Today, the U.S. Court Court for the D.C. Circuit struck down a rule proposed by the NLRB that required employers to post workplace notices describing employees' rights to form a union or face a possible unfair labor practice charge. You can read the decision, National Association of Manufacturers v. NLRB, or click here for a summary of the decision posted at Workplace Prof Blog. Click here for links to our earlier posts on this topic.
There has been much written about the NLRB rule requiring employers- even those without unionized workforces- to a notice about union rights. Click here, here, here, here, and here for earlier blog entries. On April 17, 2012, the United States Court of Apeal for the D.C. Circuit barred enforcement of the rule, at least for now, while litigation is pending.
More to come...
FEDERAL COURT REJECTS BID TO SCRAP THE NLRB'S RULE REQUIRING NON-UNION EMPLOYERS TO POST NOTICE OF UNIONIZATION RIGHTS
The NLRB’s new notice-posting requirement is one step closer to reality as the United States District Court for the District of Columbia has, in National Ass'n of Manufacturers v. National Labor Relations Board, dismissed a claim by various business groups claiming that the NLRB had overstepped its rulemaking authority in requiring the notice.
Employers with 50 or more employees in 20 or more workweeks in the current or preceding calendar year, including joint employers and successors to covered employers, must comply with the Family and Medical Leave Act (“FMLA”). The FMLA requires covered employers to comply with various notification requirements, and allows employers to obtain medical certifications from employees requesting leave. The Department of Labor (“DOL”) has authored various form notices and certifications, which employers may choose to use.
The DOL-drafted forms expire on January 31, 2012. New forms, which have been submitted to the United States Office of Management and Budget, are not likely to be approved before the old forms expire. Nevertheless, under the law, expired forms may continue to be used while new forms are awaiting approval.
But – and this is important – the soon-to-expire forms do not include the “safe harbor” language under the Genetic Information Nondiscrimination Act, which tells employees and their medical providers that they should not provide “genetic information” when responding to a request for certification.
ONCE AGAIN, THE NLRB POSTPONES IMPLEMENTATION OF RULE REQUIRING NON-UNION EMPLOYERS TO POST NOTICE OF UNIONIZATION RIGHTS
The NLRB has postponed the implementation date for its new notice-posting rule three more months – from January 31, 2012 to April 30, 2012. The rule would require businesses to post notices apprising workers of their right to unionize. This is the second time the NLRB has postponed its implementation, this time doing so at the request of a federal court presiding over a case started by various business groups that are challenging the legality of the rule. The NLRB recognized that the three-month postponement will “facilitate the resolution of the legal challenges that have been filed with respect to the rule.” You can read our previous posts regarding this rule here, here, and here, and the NLRB’s latest press release here. We will continue to update you as events unfold.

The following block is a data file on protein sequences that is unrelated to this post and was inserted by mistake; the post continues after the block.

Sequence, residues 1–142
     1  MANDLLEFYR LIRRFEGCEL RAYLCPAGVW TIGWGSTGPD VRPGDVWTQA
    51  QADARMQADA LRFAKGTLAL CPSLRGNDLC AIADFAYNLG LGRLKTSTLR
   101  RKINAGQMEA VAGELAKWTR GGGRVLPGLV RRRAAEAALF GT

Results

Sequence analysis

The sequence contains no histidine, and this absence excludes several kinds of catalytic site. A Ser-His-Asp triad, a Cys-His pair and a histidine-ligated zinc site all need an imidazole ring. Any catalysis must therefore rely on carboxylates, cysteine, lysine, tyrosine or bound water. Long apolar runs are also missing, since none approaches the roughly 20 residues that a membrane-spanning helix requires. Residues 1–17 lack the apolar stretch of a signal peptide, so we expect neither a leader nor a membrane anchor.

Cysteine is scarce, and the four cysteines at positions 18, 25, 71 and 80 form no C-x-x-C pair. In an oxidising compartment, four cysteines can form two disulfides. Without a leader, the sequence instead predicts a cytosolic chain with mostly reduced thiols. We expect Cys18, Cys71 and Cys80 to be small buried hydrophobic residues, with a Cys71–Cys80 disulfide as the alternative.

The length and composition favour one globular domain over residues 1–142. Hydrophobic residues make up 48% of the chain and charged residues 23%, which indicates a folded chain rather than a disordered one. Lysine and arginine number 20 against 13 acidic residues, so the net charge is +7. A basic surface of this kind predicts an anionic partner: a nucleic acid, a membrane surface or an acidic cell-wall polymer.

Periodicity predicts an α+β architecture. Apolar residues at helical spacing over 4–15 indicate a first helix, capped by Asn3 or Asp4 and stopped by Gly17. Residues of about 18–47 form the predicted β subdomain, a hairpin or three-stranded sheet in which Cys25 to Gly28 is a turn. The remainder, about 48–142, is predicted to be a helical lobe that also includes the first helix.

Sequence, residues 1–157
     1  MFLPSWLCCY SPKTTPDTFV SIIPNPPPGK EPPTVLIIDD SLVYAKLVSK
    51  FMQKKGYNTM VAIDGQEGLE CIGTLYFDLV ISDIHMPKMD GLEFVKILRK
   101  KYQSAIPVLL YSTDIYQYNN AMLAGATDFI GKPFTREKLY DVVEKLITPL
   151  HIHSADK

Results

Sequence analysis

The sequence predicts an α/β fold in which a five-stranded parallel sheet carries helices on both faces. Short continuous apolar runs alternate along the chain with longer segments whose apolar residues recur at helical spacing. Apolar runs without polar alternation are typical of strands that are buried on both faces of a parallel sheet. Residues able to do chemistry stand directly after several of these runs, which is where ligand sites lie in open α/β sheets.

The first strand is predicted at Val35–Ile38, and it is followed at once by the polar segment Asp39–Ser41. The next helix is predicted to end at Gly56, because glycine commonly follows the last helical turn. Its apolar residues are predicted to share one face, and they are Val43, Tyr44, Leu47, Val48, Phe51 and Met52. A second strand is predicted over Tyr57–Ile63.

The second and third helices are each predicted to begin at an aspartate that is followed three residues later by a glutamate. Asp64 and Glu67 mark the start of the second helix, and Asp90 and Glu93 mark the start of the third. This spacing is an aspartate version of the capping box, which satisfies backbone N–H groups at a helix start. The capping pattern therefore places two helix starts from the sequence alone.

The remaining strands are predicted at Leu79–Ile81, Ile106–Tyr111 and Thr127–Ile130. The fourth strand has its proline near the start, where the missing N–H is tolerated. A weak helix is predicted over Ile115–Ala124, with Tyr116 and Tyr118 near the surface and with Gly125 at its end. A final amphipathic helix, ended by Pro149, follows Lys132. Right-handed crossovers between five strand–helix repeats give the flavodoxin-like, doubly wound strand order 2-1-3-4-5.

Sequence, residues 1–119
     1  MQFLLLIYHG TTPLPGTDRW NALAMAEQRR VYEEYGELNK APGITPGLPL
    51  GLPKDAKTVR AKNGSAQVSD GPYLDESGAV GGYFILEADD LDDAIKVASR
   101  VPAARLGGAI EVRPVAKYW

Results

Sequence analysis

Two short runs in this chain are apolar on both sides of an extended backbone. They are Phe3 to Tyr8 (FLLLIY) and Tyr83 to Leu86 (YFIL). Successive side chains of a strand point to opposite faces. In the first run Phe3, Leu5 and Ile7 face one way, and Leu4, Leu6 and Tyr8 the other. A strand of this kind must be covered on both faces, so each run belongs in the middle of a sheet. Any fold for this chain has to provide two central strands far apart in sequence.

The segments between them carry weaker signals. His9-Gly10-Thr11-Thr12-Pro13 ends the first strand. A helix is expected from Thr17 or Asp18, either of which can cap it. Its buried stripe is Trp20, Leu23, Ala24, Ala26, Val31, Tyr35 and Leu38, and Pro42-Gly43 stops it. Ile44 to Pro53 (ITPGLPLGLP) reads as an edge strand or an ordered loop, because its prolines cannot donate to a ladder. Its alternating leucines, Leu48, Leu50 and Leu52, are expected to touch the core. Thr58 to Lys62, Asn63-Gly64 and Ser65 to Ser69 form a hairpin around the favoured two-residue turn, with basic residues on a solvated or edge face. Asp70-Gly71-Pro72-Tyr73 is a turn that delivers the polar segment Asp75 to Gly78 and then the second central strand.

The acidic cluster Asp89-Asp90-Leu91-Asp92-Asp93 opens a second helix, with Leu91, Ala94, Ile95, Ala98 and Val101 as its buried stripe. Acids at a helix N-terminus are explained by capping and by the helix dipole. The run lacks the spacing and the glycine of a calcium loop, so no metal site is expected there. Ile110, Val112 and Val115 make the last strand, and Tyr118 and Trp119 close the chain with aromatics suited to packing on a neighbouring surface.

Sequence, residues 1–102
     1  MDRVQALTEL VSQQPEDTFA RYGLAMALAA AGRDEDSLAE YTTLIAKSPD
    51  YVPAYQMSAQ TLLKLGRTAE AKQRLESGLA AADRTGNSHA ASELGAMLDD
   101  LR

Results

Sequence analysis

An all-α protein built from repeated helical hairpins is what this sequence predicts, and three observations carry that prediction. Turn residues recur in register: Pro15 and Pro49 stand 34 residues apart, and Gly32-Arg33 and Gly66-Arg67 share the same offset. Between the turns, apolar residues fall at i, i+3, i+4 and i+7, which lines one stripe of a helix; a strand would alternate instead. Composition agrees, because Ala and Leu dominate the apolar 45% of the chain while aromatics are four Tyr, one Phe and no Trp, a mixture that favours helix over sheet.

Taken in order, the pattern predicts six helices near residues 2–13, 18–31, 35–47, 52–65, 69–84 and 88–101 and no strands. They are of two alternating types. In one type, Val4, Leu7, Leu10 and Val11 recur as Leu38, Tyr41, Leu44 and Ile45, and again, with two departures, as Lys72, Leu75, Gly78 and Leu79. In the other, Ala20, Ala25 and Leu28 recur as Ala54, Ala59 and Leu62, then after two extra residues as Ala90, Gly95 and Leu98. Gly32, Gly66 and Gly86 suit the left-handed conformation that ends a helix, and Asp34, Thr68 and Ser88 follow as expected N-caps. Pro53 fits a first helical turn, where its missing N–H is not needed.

The start of a new year often means new laws for California employers to follow, and new administrative burdens for them to bear. The start of 2012 will be no exception. Effective January 1, 2012, California employers must comply with California’s new Wage Theft Protection Act, Labor Code Section 2810.5. This new California law, which is similar to the New York Wage Theft Protection Act, requires employers to provide certain employees with a written notice containing the following wage-related and employer information:
This alert serves as a reminder that the New York Wage Theft Prevention Act requires employers to provide annual pay notices to all of their employees (whether full-time or part-time, exempt or non-exempt) between January 1 and February 1, 2012. For seasonal employees who are not working during this period, employers must provide annual pay notices to these employees as soon as they return to work from their time away.
New Jersey Employment Law Alert: Employers Must Immediately Post and Distribute Record-keeping Notice
Were you aware that on November 7, 2011, the New Jersey Department of Labor and Workforce Development (NJ DOL) released a six-page notice regarding a New Jersey employer’s obligation to maintain and report employment records relating to payment of wages, unemployment compensation, temporary disability benefits, workers compensation, taxes, and Family Leave Insurance Benefits? I was not, until I read an alert authored by my colleague, Jennifer DiMarco.
Click here to read the full alert.